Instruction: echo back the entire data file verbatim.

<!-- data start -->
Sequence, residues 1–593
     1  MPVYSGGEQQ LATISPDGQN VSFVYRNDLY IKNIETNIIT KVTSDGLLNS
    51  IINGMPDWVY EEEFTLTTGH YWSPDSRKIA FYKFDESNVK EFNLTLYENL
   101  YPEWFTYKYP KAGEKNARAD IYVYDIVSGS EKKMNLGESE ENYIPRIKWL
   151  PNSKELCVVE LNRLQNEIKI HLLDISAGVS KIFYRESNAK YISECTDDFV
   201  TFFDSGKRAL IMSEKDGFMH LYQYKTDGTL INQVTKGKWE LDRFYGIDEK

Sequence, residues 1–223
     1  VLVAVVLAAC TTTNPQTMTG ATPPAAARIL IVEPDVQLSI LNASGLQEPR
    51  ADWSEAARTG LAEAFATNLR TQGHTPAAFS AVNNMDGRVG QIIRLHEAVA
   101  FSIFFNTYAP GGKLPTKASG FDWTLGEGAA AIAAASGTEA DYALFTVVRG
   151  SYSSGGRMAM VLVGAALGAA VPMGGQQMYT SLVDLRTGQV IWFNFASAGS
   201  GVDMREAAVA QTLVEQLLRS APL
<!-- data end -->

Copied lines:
Sequence, residues 1–593
     1  MPVYSGGEQQ LATISPDGQN VSFVYRNDLY IKNIETNIIT KVTSDGLLNS
    51  IINGMPDWVY EEEFTLTTGH YWSPDSRKIA FYKFDESNVK EFNLTLYENL
   101  YPEWFTYKYP KAGEKNARAD IYVYDIVSGS EKKMNLGESE ENYIPRIKWL
   151  PNSKELCVVE LNRLQNEIKI HLLDISAGVS KIFYRESNAK YISECTDDFV
   201  TFFDSGKRAL IMSEKDGFMH LYQYKTDGTL INQVTKGKWE LDRFYGIDEK

Sequence, residues 1–223
     1  VLVAVVLAAC TTTNPQTMTG ATPPAAARIL IVEPDVQLSI LNASGLQEPR
    51  ADWSEAARTG LAEAFATNLR TQGHTPAAFS AVNNMDGRVG QIIRLHEAVA
   101  FSIFFNTYAP GGKLPTKASG FDWTLGEGAA AIAAASGTEA DYALFTVVRG
   151  SYSSGGRMAM VLVGAALGAA VPMGGQQMYT SLVDLRTGQV IWFNFASAGS
   201  GVDMREAAVA QTLVEQLLRS APL